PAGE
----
Pan Bagnat is a sliced chicken white meat sandwich, served on a crusty baguette, spread with olive tapenade and herbed goat cheese, plus lettuce and tomato. Spicy-hot pepperoncini lend bite. Jambon Beurre inserts sliced ham into a toasted, buttered baguette- nice and crisp.

Fig and Onion Galette represents another favorite gleaned from these visits. The flavors of fig, caramelized onions, and ricotta cheese blend beautifully, emerging from a lovely, folded crust.

Before dining-in was discontinued, the restaurant had initiated a first Friday dinner. It was the perfect way to begin an evening, followed by The Wailin’ Jennys at the Carolina Theater. The three courses began with a house salad of leaf lettuces, cucumbers, and sliced grape tomatoes. The main course was Jambalaya. Critics might claim that this is not French, but it is, albeit Louisiana French. The primary flavor came from chicken, moderately spicy, enhanced with clipped green onions, over rice. Two crusty, flavorful Beignets, dusted with abundant powdered sugar, concluded the meal.

The family dinners offered for takeout follow a structure similar to what I enjoyed on that first Friday. This week’s features are Mediterranean Cod with Greek salad, pita bread, and sorbet on Wednesday (8/5); Meatloaf with garlic smashed potatoes, spring peas, and a cookie on Thursday (8/6); and Pasta Pissaladiere with side salad and garlic baguette on Friday (8/7).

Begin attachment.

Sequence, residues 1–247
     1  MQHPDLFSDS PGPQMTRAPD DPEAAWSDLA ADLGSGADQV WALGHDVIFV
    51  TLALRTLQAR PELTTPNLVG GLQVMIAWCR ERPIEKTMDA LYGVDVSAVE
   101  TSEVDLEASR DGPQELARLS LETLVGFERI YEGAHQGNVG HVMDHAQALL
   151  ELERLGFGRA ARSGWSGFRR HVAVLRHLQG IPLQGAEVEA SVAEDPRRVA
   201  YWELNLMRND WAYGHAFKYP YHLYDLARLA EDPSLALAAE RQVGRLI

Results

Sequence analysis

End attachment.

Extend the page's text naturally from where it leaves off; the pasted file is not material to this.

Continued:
Kathryn Hubert is owner and floor manager. She has lived in France and took courses in culinary arts before moving to Greensboro and adding hospitality management to her studies. She has family members with autism, and she was involved in community initiatives in special education. Combining those interests led to the creation of the restaurant. Susan Bain is service manager and event coordinator. Her previous career was in education.

These are challenging times for all of us, especially small businesses, restaurants in particular. As we have learned, life can deal handicaps in different forms to any- or all- of us, with little or no advance notice. Chez Genese was already serving Greensboro in a special way. This concept is even more welcome now. Here, and for all restaurants, check the restaurant website and/or Facebook page to keep up with the menu on the day you order.

Wanna go?

Chez Genese | 616 S. Elm St.,  Greensboro | (336)663-7399 

Takeout Hours: 8 a.m.-1 p.m. Saturday and Sunday, 5-6:30 p.m. Monday-Friday

Family Dinners: $15-$72, for portion sizes of 1-6 persons, Pastries and Panty Items: $3-$10

Weekend French Picnic Baskets: $45-$125, depending on size. Desserts: $2.50-$3

John Batchelor has been writing about eating and drinking since 1981. Over a thousand of his articles have been published. He is also author of two travel/cookbooks: Chefs of the Coast: Restaurants and Recipes from the North Carolina Coast, and Chefs of the Mountains: Restaurants and Recipes from Western North Carolina. Contact him at john.e.batchelor@gmail.com or see his blog, johnbatchelordiningandtravel.blogspot.com.